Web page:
Thursday, June 28, 2007
John Russo criticizes a George F. Will column. The factual claims below all come from Russo's column and I haven't even read the Will column, in order to make a point.
The Good News Employees Association was formed in response to an openly gay councilmember's e-mail inviting both gay and straight employees to support a National Coming Out day. Two Oakland city employees formed the association as "a forum for people of faith to express their views ... with respect for the Natural Family, Marriage and Family Values" and generated a flyer titled: "Preserve Our Workplace Integrity".So, what's the problem? Haha. Just kidding. Okay, so the problem is obvious.
The employees who drafted the flyer actually declared under oath that they wanted to inject their intolerant worldview into the workplace.OHMYGOD!!!! The issue? Certainly it's not the worldview-injection, since the councildude was doing that, too. I guess it's the "intolerant" part that's the issue. What makes it intolerant? I guess since doesn't tolerate open homosexuality or gay marriage or something. But then, neither did the councildude's piece tolerate the view that both of those things are wrong. So I guess the issue is that it was intolerant towards the wrong thing.
Supervisors reviewed the flyer and explained to the plaintiffs why the flyer had been removed. Will never tells his readers that the plaintiffs were invited to submit a new flyer without the discriminatory language.Because it doesn't matter? If the issue here is "political correctness," the fact that the supervisors told them they could write a new, "political correct" flyer doesn't really detract from the point.
Ultimately, the association wanted to use city time and resources to validate their personal neurosis -- which is that heterosexual marriage can only be validated by invalidating same-sex marriage.Aha! See, the same argument can't be made about the councildude using city time and resources to validate National Coming Out day because it's not a "neurosis." This is why it's okay to restrict the speech of those who disagree with us: They're crazy. They have to be. What other possible reason could they have for not agreeing with us? Therefore, their opinion isn't really an opinion, and there's no need to treat it like one.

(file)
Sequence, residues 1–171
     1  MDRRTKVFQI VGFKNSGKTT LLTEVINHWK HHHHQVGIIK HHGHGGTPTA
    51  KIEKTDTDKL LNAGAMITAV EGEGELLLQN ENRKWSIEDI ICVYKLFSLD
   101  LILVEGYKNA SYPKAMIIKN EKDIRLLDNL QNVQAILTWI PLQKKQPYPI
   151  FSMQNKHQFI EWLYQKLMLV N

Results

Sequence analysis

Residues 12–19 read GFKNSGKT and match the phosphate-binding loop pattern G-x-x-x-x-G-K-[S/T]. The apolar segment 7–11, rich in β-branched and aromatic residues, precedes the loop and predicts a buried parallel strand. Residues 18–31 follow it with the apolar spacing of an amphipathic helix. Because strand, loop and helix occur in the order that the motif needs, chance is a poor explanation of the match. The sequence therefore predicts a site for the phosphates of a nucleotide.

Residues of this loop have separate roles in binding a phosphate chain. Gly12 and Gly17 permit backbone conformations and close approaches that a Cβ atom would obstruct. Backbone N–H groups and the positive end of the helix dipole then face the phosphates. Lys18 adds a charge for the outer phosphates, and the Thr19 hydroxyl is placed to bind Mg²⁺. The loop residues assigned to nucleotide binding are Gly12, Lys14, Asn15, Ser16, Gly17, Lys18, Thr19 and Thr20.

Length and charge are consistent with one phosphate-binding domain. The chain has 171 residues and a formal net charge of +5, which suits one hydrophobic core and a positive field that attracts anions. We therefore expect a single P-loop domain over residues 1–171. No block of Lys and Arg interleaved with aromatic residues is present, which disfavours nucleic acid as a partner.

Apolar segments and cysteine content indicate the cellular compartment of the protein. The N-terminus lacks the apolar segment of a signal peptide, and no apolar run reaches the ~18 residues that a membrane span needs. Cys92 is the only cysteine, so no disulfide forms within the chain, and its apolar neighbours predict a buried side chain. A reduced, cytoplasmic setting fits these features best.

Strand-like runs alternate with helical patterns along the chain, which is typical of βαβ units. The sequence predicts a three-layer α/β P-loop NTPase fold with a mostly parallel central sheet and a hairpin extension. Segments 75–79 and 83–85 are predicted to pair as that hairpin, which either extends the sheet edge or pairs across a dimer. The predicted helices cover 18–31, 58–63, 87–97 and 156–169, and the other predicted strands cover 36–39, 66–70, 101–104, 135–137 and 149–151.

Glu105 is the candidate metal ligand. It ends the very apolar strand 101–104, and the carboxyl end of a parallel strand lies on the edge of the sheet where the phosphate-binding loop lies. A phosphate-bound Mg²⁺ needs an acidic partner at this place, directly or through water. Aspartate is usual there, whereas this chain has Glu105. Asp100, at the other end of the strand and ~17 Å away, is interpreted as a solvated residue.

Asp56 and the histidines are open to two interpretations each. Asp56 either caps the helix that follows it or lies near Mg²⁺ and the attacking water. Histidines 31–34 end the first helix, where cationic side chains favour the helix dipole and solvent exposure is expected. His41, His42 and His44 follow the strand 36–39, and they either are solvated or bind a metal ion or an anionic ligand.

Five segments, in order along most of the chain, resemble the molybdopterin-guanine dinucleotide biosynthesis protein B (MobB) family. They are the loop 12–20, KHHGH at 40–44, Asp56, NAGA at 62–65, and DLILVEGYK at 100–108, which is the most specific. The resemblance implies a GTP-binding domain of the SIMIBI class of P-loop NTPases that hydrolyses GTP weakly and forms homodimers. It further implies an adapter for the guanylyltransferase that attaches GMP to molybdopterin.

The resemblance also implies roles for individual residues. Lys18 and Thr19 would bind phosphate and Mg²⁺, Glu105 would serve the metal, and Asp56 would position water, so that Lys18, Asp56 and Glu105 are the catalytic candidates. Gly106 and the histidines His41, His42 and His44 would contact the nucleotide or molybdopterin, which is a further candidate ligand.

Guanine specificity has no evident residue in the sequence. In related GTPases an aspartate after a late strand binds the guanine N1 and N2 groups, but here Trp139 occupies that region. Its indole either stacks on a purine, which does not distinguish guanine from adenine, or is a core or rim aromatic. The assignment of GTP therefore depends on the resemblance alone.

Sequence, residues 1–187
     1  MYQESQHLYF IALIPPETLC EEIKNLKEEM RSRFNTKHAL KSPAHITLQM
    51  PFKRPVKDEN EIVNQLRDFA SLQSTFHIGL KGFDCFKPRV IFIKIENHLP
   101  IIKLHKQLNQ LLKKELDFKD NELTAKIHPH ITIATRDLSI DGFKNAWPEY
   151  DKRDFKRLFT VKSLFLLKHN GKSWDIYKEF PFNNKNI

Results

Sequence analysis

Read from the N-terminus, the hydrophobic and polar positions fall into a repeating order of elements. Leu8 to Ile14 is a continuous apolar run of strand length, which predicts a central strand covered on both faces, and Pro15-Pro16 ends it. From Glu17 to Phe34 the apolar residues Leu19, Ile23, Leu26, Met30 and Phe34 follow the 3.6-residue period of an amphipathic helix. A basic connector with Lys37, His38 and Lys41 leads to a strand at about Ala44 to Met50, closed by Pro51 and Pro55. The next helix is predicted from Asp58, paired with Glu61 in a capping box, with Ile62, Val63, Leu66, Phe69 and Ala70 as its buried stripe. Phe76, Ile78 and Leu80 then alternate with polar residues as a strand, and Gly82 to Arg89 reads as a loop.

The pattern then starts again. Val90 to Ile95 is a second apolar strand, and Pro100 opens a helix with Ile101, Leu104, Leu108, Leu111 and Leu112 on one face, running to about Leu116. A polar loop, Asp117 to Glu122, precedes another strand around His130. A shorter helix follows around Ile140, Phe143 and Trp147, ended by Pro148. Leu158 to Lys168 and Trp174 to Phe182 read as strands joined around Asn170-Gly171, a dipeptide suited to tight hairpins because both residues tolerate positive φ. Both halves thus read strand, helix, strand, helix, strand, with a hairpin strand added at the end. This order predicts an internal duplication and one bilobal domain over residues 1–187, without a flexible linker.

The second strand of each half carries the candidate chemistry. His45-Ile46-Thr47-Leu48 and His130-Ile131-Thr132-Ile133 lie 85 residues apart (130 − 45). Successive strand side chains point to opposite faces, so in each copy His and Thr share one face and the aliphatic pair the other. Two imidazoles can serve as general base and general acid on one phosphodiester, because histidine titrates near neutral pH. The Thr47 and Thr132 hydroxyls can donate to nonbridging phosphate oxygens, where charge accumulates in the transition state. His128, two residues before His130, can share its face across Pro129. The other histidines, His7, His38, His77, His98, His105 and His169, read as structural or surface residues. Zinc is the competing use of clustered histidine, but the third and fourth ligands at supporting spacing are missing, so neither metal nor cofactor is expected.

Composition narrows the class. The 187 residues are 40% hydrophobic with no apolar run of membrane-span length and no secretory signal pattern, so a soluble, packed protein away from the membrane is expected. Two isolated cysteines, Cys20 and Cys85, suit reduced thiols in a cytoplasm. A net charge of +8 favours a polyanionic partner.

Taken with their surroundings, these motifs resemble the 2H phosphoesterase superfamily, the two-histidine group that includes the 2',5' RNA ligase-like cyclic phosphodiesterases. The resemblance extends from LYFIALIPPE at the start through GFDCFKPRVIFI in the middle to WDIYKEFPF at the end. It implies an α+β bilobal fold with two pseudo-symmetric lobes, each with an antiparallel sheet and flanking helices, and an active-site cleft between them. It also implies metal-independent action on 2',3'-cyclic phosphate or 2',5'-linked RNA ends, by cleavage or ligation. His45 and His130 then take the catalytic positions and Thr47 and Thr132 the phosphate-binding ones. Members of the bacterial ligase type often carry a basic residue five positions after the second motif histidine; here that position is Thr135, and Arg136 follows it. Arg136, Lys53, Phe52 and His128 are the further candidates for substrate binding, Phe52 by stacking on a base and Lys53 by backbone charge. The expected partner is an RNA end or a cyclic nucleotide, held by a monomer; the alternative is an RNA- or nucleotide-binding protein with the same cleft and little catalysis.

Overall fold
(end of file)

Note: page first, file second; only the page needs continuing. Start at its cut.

Furthermore, the seemingly harmless flyer was not an isolated incident but part of a deliberate pattern of harassment.Ah, finally, we get to a legitimate argument. This kind of argument is fine with me, but it doesn't change the stuff that's already been said, which stands even without the harassment.
But you gotta love George Will and his ilk. With neither a hint of shame nor a shadow of a blush, those who denounce the use of "specious" lawsuits to dictate morality and who shed crocodile tears over the ways trial lawyers have "interfered" with the prerogatives of workplace management, will gladly race to the courthouse when it suits their dogmatic purposes.... Uh... yeah. I think one can hold the position that some types of lawsuits are specious while others are not without too much dissonance. Free speech is not "morality" that is to be "dictated" by the courts. It's a "right" that is to be "protected" by the courts. That's why we have courts. And since these are government employees, there is no issue with government "interference."
Anyway, Russo's piece is an excellent insight into the way attempts to limit speech as "harmful" gives way entirely into viewpoint censorship, which is exactly the kind of speech limitation the First Amendment is concerned with. The same can be said about those who argue it's okay for folks to shout down and attack speakers at college campuses because they have "dangerous" opinions. The philosophy that those with power can and should limit speech they find bad is an acceptable philosophy, I suppose, but the United States has a tradition which rejects that philosophy, and with good reason (because you can't fully trust "those with power").
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